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India's leadership unknown to almost half the world: Survey

Last updated on: December 2, 2010 09:13 IST

India's leadership unknown to almost half the world: Survey

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As New Delhi seeks to cement its place as a world leader with its bid for a permanent seat on the United Nations Security Council, a survey released on Wednesday said that the Indian leadership is not known to almost half the world.

Nearly half of the world's residents surveyed (44 per cent) don't know enough about the country's leadership to have an opinion, and the rest are mixed. Across 110 countries surveyed in 2009, a median of 22 per cent approve of India's leadership and a median of 27 per cent disapprove, the Gallup, a public opinion research group, said in a statement.

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Image: Prime Minister Dr Manmohan Singh
Photographs: B Mathur/Reuters
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Most Americans have no opinion on Indian leaders

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More than half of the people in the former Soviet Union, the Americas and Europe don't have an opinion about India's leadership, it said, adding that this may be understandable given their distance from India, but many in Asia also don't have an opinion.

Overall, residents in sub-Saharan Africa, Middle East and North Africa region are more likely to express opinions about India's leadership, the survey said.

 


Image: Dr Singh and his wife Gursharan Kaur with US President Barack Obama and First Lady Michelle

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66% Pakistanis disapprove of India's leadership

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According to the survey, in some of its immediate neighbours such as Afghanistan, Bangladesh and Pakistan, India's leadership is relatively unknown.

However, many of those in the region who have an opinion -- including those in other G20 economies -- tend to approve rather than disapprove, which may be conducive for India as it seeks to expand economic and strategic partnerships, particularly in Afghanistan and East Asia.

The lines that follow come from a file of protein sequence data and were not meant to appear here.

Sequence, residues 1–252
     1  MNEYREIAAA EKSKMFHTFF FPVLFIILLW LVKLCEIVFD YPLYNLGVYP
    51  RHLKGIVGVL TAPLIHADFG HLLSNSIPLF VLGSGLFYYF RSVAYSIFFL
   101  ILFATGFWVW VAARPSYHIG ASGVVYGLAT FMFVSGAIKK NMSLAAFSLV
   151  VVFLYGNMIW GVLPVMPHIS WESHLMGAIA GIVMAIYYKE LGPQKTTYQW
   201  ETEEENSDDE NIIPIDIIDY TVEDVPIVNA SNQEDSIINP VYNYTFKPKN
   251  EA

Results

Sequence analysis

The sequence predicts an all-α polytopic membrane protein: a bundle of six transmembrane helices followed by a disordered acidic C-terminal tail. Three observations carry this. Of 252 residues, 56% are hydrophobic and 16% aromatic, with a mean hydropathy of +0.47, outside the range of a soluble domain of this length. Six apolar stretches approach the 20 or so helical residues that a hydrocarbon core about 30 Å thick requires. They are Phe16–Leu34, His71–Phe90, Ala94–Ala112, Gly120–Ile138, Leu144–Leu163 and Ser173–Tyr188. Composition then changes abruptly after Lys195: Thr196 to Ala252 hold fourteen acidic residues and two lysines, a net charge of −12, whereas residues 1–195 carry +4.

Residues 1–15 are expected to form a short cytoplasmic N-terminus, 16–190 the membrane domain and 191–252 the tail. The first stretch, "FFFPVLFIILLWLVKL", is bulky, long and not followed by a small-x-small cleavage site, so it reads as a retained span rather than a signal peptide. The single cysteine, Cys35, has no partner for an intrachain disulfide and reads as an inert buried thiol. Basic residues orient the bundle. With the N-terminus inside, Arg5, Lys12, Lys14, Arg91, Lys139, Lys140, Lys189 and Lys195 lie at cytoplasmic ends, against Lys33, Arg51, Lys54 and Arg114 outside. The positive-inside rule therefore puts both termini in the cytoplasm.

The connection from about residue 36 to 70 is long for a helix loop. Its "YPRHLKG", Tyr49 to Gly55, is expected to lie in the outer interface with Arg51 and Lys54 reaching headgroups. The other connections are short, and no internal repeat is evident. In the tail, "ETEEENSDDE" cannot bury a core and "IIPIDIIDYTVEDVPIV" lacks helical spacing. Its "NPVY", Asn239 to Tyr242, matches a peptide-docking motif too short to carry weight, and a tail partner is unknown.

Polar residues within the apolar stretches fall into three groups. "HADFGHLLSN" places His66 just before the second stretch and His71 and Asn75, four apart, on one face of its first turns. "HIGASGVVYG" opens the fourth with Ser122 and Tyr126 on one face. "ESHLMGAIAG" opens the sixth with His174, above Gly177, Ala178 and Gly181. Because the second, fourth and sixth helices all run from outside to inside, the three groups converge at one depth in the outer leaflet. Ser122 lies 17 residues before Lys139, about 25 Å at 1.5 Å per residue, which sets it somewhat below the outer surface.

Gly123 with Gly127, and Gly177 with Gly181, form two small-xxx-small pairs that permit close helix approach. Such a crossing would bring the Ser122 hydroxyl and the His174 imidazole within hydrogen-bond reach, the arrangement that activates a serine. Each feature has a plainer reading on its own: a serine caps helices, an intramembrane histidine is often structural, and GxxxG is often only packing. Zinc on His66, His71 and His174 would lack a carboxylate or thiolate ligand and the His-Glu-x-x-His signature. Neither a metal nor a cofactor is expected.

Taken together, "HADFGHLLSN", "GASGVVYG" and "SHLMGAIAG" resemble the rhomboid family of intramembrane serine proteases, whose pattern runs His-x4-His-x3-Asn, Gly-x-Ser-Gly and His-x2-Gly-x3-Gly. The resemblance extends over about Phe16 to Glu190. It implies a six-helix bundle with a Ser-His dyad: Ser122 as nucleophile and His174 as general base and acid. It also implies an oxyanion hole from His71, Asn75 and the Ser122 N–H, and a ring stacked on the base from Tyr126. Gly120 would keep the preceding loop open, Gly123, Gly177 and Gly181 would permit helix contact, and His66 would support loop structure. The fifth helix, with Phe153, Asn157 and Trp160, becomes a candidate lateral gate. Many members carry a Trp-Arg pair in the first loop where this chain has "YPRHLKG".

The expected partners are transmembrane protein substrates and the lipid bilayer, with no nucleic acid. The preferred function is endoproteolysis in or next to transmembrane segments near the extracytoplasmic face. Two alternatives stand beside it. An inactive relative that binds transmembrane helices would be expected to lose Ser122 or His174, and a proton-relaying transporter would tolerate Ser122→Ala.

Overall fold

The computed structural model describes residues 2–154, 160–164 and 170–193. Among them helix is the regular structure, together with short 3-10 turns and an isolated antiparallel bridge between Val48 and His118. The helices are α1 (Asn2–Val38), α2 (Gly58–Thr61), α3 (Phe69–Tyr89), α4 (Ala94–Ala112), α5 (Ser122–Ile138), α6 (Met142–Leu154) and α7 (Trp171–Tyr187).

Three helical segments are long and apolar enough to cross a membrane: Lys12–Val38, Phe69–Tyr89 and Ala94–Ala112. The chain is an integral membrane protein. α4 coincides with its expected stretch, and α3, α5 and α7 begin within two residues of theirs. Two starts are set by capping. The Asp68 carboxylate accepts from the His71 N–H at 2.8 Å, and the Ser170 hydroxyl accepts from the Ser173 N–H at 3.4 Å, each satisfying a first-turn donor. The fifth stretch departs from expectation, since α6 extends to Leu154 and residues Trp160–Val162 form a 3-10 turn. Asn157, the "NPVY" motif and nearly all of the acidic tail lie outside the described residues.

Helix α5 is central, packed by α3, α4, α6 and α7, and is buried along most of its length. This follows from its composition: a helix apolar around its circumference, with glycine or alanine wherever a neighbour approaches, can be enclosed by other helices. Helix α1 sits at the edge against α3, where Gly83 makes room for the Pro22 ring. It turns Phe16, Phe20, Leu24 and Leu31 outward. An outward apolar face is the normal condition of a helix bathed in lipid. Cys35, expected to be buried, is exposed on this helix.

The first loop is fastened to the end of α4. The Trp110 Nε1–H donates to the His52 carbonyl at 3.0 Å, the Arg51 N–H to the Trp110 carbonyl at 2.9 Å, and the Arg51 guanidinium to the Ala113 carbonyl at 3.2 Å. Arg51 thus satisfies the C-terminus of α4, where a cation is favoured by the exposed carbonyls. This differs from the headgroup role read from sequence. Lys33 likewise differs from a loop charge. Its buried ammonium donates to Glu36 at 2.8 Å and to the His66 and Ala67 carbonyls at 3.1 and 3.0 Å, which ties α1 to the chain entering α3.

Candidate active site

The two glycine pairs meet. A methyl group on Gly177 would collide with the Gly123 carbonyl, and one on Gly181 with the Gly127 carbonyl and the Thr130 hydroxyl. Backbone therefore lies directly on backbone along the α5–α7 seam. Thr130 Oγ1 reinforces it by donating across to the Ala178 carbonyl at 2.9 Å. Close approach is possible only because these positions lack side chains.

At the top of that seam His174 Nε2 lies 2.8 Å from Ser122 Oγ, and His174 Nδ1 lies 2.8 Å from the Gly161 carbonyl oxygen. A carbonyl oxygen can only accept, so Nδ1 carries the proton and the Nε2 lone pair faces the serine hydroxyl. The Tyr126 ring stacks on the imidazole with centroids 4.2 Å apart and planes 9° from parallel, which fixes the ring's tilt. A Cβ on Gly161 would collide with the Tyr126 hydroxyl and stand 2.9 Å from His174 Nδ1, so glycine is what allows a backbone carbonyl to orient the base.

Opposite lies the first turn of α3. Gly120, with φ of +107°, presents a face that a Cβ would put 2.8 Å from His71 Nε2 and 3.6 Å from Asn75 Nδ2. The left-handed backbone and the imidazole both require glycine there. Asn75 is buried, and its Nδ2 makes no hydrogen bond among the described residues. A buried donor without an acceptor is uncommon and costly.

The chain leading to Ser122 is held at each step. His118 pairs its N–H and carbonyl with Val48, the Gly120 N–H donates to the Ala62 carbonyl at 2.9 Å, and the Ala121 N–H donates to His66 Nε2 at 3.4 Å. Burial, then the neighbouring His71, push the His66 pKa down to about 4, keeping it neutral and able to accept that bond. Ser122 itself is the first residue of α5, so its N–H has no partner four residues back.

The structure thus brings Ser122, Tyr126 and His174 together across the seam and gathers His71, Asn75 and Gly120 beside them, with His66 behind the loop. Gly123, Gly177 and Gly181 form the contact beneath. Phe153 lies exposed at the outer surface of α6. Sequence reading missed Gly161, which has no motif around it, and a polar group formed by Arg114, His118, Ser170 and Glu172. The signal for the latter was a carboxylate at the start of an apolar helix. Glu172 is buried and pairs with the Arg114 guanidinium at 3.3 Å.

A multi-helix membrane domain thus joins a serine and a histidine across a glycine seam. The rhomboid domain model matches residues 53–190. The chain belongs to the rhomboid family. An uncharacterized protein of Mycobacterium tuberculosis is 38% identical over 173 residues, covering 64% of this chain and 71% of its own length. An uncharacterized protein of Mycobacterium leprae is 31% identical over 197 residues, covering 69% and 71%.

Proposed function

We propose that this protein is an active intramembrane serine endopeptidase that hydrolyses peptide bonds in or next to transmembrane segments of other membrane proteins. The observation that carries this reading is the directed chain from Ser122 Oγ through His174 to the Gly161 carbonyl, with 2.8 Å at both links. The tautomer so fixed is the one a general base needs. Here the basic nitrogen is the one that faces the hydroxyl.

In the immediate neighbourhood, India gets the highest approval rating in Afghanistan (54 per cent), followed by Sri Lanka (48 per cent), Bangladesh (46 per cent) and Singapore (44 per cent).

As expected, as many as 66 per cent of those surveyed in Pakistan disapproved of Indian leadership, while only seven per cent approved of it.

"India's challenge is a given in Pakistan, where the two-thirds who disapprove of India's leadership bespeak frosty relations and historical rivalry," said Gallup.

But India's leadership also faces challenges in other places where those who disapprove outnumber those who approve such as in the Philippines, Malaysia, and Hong Kong. "The high percentages in these countries with no opinion, however, may be a positive for India; some people's views may still be malleable," Gallup said.


Image: Pakistan's Prime Minister Yusuf Raza Gilani shakes hands with External Affairs Minister SM Krishna
Photographs: Faisal Mahmood/Reuters
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In sub-Saharan Africa, 87% approve of US leadership

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India's leadership earns some of its highest marks in sub-Saharan Africa, where residents historically tend to give relatively positive ratings to foreign leadership.

Sub-Saharan Africans' 46 pre cent median approval of India's leadership, however, is far lower than the 87 per cent median approval they give to US leadership and the 65 per cent for China's leadership. This lower approval could be a factor as India attempts to increase its influence in sub-Saharan Africa, the Gallup survey said.


Image: Sub-Saharan Africans give higher approval to the US and China
Photographs: Thomas Mukoya/Reuters
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Disapproval in Middle East

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India's leadership earns some of its highest disapproval ratings in the Middle East and North Africa region, but opinions are more mixed or favourable in some Arab Gulf countries with sizable Indian expat populations.

"In the United Arab Emirates, for example, where nearly 2 million Indians line, nearly one-third of the population approves and one-third disapproves of India's leadership. It's important to note that only Arab nationals and Arab expats were surveyed in Gulf states, so these opinions don't include those of Indian expats," Gallup said.

 


Photographs: Fabrizio Bensch/Reuters
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